Myanmar: Businesses losing patience as dialogue does not turn into actions

Myanmar’s new government, one year on. Interview with Aye Thiha from the American Chamber.

For the private sector, dialogue with the new government has not translated into concrete actions. Foreign direct investment has dropped; various industries, such as the construction and real estate sector, have had a hard time; the ill-drafted foreigner laws prompted a broad backlash; Yangon’s plan to have a barge from Turkey to additional power for the impending summer fell through. The first year has hardly been plain-sailing.

With the new civilian-led government at the helm for a year, the Myanmar Times sat down with Aye Thiha, chair of government affairs committee at American Chamber of Commerce Myanmar, this week to discuss Myanmar’s new government, one year on.

Aye Thiha is the head of Thiha Group, which is involved in diversified industries such as power, food and services as well as trading and consulting services. He is partnered with Millcon Steel from Thailand in a construction materials business and with the RMA in The Pizza Company and Swensen’s outlets in Myanmar.

The NLD-led government has been in office for almost one year. What does the business community think about the new government? Has the government been listening to the concerns of international and local businesses?

First of all, a year has passed and, to be really honest, the pace has been really slower than we’d thought. We’d rather take six months for planning and then six months for laying out the plans but that hasn’t materialised. So I think we’re looking for more clarity in the direction of the policy.

Now we look at the scorecard, we ask: have they [the government] performed well? I honestly think they haven’t yet.

I’m not sure why they’re taking their time, but I think some people in the business community are getting more impatient.

In terms of listening to our concerns, we met with the state counsellor [Daw Aung San Suu Kyi] and U Kyaw Win the MIC chair starting in October and since then we’ve had a meeting every month with the MIC chair. Certainly they are listening to the concerns, but how we proceed from there has been more of a question mark.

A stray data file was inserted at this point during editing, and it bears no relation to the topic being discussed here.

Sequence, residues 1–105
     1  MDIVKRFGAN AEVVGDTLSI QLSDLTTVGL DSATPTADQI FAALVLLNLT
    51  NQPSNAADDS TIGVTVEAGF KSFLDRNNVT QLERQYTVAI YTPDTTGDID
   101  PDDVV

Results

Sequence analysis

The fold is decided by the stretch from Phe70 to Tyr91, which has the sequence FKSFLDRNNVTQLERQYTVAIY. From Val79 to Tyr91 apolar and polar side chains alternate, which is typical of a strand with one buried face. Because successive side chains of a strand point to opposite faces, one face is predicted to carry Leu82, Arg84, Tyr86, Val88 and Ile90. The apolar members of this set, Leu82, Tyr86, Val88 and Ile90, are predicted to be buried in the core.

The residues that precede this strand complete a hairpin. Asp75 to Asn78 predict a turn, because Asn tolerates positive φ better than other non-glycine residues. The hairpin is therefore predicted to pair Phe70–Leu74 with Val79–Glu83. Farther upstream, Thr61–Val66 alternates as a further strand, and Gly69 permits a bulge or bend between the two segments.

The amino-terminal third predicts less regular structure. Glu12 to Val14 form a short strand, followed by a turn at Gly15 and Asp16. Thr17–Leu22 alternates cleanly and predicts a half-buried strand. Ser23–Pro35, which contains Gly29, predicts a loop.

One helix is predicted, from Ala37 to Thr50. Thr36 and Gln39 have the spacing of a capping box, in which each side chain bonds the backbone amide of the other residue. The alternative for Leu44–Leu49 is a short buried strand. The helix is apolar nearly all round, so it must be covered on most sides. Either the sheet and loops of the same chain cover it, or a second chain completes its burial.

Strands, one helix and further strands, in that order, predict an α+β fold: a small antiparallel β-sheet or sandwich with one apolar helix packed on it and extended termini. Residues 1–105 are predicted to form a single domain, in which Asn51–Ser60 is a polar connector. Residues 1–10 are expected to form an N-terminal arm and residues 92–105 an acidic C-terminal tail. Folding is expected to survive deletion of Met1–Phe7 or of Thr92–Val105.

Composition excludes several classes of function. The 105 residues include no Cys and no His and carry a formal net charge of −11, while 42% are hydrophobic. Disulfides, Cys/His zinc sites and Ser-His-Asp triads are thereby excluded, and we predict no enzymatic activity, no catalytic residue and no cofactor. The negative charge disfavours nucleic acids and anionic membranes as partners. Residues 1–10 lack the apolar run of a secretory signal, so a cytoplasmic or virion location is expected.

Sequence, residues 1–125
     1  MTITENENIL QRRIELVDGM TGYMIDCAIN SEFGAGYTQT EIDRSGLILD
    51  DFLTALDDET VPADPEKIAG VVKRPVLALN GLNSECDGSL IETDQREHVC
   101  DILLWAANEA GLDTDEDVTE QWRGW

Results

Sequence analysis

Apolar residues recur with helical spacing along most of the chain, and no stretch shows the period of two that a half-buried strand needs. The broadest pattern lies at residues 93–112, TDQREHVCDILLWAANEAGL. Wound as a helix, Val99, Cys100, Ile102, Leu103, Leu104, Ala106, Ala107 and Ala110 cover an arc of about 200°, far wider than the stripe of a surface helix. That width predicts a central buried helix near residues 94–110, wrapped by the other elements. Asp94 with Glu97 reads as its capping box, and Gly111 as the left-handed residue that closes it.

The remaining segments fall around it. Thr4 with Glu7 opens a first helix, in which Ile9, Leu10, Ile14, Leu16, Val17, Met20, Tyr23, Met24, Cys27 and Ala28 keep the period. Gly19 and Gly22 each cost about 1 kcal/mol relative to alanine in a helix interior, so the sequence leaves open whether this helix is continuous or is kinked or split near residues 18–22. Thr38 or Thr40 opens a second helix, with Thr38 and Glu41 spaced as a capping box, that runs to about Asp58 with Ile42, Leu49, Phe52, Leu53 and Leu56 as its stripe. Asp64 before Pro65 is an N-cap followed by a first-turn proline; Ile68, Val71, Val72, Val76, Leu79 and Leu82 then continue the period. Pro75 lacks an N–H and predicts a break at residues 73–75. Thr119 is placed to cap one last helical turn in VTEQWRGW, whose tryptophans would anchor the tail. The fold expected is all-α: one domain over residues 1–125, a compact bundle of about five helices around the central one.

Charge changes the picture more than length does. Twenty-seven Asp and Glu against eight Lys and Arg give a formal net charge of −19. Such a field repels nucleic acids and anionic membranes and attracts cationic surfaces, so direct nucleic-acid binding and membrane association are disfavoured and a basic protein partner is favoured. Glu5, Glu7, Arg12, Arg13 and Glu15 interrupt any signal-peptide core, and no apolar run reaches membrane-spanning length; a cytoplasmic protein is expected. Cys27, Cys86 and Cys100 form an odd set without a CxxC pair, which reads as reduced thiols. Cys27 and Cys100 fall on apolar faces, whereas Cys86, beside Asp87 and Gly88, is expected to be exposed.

The forum is there, the dialogue is there but the execution is a little bit lacking.

How has this administration performed compared to the previous administration? Was it easier dealing with the former regime than this one?

The previous government already had momentum. So they had the momentum and business was picking up, the new government still hasn’t gained their momentum yet, so we’re all looking forward for them to hit that tipping point and gain momentum.

We were quite familiar with the way that previous government worked so it was easier to work around it and get things done. Now it’s very unclear – the policies are not clear, the execution is not clear. A lot of the licenses and approvals are taking a long time and it’s a question mark for many things. As a result, things are not moving.

Is this uncertainty part of the reason why foreign direct investment (FDI) under this government has dropped compared to the previous period?

Yes. With any momentum you build up upon it. With this new government, during the first six months, people were very excited and they were ready to invest. Stepping into the seventh month, and eighth month, people were losing patience. When things were still not clear, they wanted to wait until things are clearer. So that has an impact, obviously, on the FDI.

I think we can do much better, right? And regarding certain sectors, we can easily invite and motivate for the investment, such as infrastructure – large-scale infrastructure projects that we locals cannot do – we should open it up.

How important are the infrastructure constraints? Has the government done enough to speed up infrastructure development?